I made a promise – GraniteGrok will not forget Eugen; this day we still remember what happened
15 16 17 18 years ago today: 9/11/2001. We were attacked by Islamic radicals, Muslim terrorists, that believed that the United States must be removed from the world in order for a world-wide caliphate to be enacted. Their ideological descendents, ISIS and Al Queda, still work for that end game of Dar-al-Islam.
This is a Long War and it is a religious / clash of civilizations – but our leadership does not only not believe it but has done all it can to bury it. And along with that, would bury the memory of Eugen Lazar as “inconvenient”.
Bumped from its original posting of 9/11/2006 in memory of Eugen Lazar
The 2,996 Project was activated with the coming of the fifth year anniversary of America being attacked in a large scale terrorist operation by Islamofascists. Bloggers from all over and of all political persuasions, each taking on the responsibility of honoring a single victim, are participating to keep the memory of the victims’ alive and show their families that we will not forget their sacrifice and loss! I am humbled that GraniteGrok has been allowed to participate, and wish to honor Eugen Lazar in this fashion.
Again, we express our sorrow for his family and loved ones, as we do for all of the other families whose lives were shattered forever by those who hate our way of life: Freedom.
Eugen Gabriel Lazar, barely able to speak English, had immigrated to America with his Romanian parents in 1985 when he was 11, the family determined to escape communism.
“We came to this country and he knew only a few words,” recalled Elena, who lives in Glendale, Queens, with her husband, Alecsandru. “Romania was Communist at the time and that’s why we came here. Not for money. Because of communism, and this country was free.”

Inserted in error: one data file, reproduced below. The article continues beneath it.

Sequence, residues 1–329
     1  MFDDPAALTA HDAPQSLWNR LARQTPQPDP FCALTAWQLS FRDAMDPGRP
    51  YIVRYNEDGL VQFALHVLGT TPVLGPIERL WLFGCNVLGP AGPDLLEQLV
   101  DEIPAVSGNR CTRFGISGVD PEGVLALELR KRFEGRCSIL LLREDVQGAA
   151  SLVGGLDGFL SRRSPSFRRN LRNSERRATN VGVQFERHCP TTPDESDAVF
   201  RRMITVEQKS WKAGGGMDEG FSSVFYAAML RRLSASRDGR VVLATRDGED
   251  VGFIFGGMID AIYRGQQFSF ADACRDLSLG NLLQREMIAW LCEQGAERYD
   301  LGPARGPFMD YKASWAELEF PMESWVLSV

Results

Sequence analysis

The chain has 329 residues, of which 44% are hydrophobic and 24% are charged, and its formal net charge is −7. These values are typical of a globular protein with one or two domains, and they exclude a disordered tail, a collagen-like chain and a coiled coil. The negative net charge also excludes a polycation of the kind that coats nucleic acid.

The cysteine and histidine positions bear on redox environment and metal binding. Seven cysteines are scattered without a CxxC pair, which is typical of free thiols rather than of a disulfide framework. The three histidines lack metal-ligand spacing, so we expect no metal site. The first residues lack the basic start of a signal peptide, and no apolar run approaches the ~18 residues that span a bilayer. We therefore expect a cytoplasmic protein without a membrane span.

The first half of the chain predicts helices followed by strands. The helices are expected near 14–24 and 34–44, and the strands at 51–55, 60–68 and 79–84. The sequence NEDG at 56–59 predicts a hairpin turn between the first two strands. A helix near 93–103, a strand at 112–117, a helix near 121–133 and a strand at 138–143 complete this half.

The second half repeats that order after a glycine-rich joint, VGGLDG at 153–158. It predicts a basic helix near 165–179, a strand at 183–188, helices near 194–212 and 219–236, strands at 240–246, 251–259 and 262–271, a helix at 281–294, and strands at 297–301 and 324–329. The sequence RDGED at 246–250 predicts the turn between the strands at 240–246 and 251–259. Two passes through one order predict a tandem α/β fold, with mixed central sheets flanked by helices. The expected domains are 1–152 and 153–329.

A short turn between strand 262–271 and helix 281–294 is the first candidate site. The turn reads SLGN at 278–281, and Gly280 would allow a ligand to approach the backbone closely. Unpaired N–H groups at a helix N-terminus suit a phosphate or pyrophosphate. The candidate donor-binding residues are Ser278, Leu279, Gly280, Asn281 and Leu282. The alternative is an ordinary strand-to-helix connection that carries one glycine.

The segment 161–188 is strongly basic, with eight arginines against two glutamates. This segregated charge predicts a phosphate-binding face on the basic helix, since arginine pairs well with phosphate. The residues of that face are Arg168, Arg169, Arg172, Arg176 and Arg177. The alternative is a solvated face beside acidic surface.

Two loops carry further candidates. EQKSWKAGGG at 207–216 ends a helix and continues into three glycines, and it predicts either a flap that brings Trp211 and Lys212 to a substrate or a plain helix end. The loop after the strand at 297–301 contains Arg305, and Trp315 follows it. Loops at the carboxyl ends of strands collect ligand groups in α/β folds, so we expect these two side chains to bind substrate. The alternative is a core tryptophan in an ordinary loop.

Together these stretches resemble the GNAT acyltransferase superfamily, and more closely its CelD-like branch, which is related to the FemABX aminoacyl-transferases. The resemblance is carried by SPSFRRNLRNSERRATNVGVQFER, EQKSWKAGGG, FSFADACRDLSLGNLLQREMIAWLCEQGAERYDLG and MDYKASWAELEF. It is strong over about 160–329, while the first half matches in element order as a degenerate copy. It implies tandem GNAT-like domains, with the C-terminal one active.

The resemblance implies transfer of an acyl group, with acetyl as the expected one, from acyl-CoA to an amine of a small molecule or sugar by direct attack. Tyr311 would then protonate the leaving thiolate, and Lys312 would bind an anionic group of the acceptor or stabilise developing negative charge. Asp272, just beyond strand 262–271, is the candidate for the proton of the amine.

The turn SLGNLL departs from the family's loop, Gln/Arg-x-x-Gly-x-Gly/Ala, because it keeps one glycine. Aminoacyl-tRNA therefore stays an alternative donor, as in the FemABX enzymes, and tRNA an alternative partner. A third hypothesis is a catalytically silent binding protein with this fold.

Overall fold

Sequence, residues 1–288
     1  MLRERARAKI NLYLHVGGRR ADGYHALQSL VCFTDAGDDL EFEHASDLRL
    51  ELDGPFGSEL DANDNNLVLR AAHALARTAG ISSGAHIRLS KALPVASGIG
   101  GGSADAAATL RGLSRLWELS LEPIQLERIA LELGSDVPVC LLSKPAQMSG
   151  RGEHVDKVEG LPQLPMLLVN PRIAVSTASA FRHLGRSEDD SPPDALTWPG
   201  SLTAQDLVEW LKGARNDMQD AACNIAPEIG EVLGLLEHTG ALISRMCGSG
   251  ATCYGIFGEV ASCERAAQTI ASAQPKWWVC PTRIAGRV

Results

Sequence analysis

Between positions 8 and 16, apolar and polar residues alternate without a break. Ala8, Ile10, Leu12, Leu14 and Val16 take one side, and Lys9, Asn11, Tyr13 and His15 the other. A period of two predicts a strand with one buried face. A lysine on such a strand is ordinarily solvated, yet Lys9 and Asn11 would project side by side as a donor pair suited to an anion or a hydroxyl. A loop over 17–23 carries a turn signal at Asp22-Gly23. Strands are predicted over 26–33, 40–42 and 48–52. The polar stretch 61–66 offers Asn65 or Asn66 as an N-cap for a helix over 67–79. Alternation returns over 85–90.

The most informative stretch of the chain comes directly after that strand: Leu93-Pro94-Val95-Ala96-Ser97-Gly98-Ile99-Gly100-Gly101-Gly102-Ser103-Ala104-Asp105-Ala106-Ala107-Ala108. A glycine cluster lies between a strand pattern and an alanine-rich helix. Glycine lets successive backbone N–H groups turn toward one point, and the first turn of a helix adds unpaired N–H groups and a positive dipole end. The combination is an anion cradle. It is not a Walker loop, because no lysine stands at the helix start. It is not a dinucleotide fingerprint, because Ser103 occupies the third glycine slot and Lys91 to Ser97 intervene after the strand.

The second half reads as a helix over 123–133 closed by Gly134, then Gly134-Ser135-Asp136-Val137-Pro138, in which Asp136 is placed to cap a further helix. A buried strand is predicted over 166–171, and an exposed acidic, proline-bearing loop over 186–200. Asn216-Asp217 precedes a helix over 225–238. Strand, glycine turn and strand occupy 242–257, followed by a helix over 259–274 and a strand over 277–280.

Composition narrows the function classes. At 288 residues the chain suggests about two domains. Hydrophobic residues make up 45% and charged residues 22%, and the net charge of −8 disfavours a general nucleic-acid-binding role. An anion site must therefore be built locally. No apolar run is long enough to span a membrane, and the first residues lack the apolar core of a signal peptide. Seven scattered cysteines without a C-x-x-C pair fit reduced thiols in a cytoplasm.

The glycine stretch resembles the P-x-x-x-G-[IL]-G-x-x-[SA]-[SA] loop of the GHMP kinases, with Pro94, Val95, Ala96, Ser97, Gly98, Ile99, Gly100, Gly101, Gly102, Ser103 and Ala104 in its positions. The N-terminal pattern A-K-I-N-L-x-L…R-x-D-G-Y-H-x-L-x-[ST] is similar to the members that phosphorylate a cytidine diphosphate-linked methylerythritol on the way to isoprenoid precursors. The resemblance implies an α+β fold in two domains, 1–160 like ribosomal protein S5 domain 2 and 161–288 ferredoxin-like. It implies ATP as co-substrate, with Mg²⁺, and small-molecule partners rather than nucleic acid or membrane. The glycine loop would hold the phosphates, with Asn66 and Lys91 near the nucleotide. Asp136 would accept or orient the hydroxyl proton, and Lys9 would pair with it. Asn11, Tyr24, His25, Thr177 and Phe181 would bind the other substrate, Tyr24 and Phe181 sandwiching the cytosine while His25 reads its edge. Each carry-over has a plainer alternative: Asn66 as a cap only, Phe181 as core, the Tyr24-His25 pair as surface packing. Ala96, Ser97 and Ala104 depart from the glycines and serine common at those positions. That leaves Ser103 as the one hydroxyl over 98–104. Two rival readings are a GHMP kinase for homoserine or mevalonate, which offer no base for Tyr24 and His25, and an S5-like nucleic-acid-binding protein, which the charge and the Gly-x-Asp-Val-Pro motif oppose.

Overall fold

He was a child with a million questions. How does our body work, his mother once recalled him asking their pediatrician back in Bucharest when he was 3. When we stop walking, what makes us stop? “All these questions,” said Siu Chong, his girlfriend. “He was always wondering how everything works, always seeking for knowledge.”
In June 1992, Lazar was one of 33 Queens high school students named as a Leading Scholastic Achiever in the annual New York Newsday High Honors Competition for the borough.
With a quick mind and insatiable curiosity, Eugen mastered his studies at Grover Cleveland High School in Queens and earned a college scholarship to Cooper Union (NY), where he graduated Summa Cum Laude with a degree in engineering.
For two years, Eugen, an only child who lived in Queens with his parents, worked as a computer programmer with eSpeed, a company owned by Cantor Fitzgerald (this was the bond-trading firm located in Tower One at the World Trade Center that was so decimated by the plane attack). When he got to his 103rd floor office on Sept. 11, he e-mailed his girlfriend. By the time she read his message, it was too late.
“My heart is broken,” Elena Lazar said, sobbing about her only child, whom she buried on Monday. “He was such a wonderful boy.”
Approximately fifty alumni of The Cooper Union for the Advancement of Science and Art worked in the World Trade Center towers. Eugen Lazar was included among the first confirmed deaths.
He had other interests as well. Fascinated by music and how people hear it, he was building his own speakers. He was a cook and a baker. He and his girlfriend liked to make crepes together; in Paris, they watched closely to see how they were made. They had even tackled chocolate fondue.
That girlfriend, Sui Chong, a graphic designer, and he had met while on a camping trip in the Catskills years earlier. However, it was not until learning years later that she no longer had a boyfriend, that he sent her an e-mail message asking her out for pizza), still misses him.
Their first date took place at Lombardi’s, a SoHo restaurant, and Sui remembered that night. “He was so perfect for me”. It became the couple’s favorite restaurant and had returned once again Monday night before the fateful blast. “Ironically, we had dinner there,” Chong said, barely able to finish her sentence through her tears, ” . . . and it was our last date.”
He was 27 at the time of his murder.
(This has been compiled by using materials found from Google and Yahoo searches, with much of the material from New York newspapers. My thanks to them).